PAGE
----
The Care and Feeding of Ideas
Internationally honored for brilliant achievements throughout his career, author of Cybernetics, ExProdigy, and the essay God and Golem, Inc., which won the National Book Award in 1964, Norbert Wiener was no ordinary mathematician. With the ability to understand how things worked or might work at a very deep level, he linked his own mathematics to engineering and provided basic ideas for the design of all sorts of inventions, from radar to communications networks to computers to artificial limbs. Wiener had an abiding concern about the ethics guiding applications of theories he and other scientists developed. Years after he died, the manuscript for this book was discovered among his papers. The world of science has changed greatly since Wiener's day, and much of the change has been in the direction he warned against. Now published for the first time, this book can be read as a salutary corrective from the past and a chance to rethink the components of an environment that encourages inventiveness.Wiener provides an engagingly written insider's understanding of the history of discovery and invention, emphasizing the historical circumstances that foster innovations and allow their application. His message is that truly original ideas cannot be produced on an assembly line, and that their consequences are often felt only at distant times and places. The intellectual and technological environment has to be right before the idea can blossom. The best course for society is to encourage the best minds to pursue the most interesting topics, and to reward them for the insights they produce. Wiener's comments on the problem of secrecy and the importance of the "free-lance" scientist are particularly pertinent today.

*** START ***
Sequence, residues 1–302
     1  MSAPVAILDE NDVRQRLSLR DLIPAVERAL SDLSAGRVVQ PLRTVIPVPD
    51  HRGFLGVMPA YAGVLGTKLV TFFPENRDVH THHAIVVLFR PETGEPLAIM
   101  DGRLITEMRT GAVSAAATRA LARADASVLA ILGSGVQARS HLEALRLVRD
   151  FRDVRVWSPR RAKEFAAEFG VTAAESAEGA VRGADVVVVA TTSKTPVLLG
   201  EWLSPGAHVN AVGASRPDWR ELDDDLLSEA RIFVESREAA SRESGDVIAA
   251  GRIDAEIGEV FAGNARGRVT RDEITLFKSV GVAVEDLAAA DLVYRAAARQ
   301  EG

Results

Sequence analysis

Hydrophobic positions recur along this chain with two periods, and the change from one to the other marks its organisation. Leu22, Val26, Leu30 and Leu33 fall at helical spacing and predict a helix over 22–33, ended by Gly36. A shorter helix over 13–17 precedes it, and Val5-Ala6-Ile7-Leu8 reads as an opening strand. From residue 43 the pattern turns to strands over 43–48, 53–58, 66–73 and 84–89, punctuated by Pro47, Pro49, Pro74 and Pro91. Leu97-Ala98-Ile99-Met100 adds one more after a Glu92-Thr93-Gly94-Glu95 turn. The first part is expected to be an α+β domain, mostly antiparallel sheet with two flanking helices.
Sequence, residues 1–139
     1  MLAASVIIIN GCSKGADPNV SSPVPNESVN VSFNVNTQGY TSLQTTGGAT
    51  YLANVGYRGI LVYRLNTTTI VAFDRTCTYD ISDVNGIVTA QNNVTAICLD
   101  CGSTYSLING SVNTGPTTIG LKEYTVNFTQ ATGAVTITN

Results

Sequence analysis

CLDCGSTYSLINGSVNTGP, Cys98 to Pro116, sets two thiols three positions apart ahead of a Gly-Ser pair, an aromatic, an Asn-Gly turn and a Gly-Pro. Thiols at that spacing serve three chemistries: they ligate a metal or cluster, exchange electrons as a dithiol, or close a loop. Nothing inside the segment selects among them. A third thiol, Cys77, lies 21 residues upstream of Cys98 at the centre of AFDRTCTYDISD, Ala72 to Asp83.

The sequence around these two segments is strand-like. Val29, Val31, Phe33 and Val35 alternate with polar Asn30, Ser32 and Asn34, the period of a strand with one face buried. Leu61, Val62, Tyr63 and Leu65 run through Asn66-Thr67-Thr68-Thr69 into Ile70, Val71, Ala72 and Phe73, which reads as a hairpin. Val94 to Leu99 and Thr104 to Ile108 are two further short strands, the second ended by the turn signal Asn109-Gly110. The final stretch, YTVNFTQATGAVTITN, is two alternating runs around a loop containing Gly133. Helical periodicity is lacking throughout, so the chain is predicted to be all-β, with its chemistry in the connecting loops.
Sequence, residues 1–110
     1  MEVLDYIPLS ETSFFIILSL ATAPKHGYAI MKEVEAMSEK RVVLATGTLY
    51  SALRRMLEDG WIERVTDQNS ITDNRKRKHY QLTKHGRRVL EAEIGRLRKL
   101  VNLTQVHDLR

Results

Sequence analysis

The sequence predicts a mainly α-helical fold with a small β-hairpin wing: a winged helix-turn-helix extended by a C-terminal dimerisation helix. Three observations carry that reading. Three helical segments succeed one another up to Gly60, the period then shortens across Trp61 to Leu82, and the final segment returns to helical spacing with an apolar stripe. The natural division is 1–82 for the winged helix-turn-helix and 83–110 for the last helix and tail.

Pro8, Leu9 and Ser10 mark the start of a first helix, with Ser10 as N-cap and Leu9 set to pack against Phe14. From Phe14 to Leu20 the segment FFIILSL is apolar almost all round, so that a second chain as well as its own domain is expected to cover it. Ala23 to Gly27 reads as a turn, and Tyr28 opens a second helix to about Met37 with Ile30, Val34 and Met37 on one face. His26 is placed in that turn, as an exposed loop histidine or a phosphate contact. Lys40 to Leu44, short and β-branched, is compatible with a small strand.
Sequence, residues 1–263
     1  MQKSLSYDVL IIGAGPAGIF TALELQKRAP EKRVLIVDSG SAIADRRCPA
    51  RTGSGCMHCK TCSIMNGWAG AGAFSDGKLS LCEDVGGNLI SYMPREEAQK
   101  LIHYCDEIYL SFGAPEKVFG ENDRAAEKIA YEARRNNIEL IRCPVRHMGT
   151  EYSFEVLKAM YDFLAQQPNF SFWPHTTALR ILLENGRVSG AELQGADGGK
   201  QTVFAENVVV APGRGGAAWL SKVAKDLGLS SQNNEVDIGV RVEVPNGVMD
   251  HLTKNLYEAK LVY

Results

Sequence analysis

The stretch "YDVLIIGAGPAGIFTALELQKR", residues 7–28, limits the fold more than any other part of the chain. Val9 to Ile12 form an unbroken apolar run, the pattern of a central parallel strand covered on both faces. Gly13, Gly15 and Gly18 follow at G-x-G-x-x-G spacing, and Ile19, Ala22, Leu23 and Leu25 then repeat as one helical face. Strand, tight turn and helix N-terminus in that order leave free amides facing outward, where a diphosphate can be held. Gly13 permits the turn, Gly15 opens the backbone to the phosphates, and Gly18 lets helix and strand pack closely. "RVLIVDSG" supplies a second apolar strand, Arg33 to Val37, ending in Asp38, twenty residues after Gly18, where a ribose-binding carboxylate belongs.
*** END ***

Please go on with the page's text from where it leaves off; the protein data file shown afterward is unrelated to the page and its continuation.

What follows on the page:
Steve Heims provides a brief history of Wiener's literary output and reviews his contributions to the field of invention and discovery. In addition, Heims suggests significant ways in which Wiener's ideas still apply to dilemmas facing the scientific and engineering communities of the 1990s.
Norbert Wiener helped to build and inform our high-tech society. A mathematician with dirty hands, he moved easily between theory, invention and engineering... The manuscript of this unpublished 1954 book was found long after Wiener's death, and is only now available. It's inevitably out of date here and there, but the uncannily accurate predictions and warnings at its heart bring credibility to advice and insights that are all too relevant to our present situation.
Whole Earth Review
The mark of a great book is that it should be relevant well beyond its time, and this volume by Wiener is precisely that. In lucid, enormously readable language, Wiener provides a whistle-stop tour of the history of science and technology from the start of civilisation, charts the growth and decline of intellectual and practical excellence, and uses many examples—such as the development of paper—to show that tools and the skills to realise a design in practice must be available for inventiveness to flourish.
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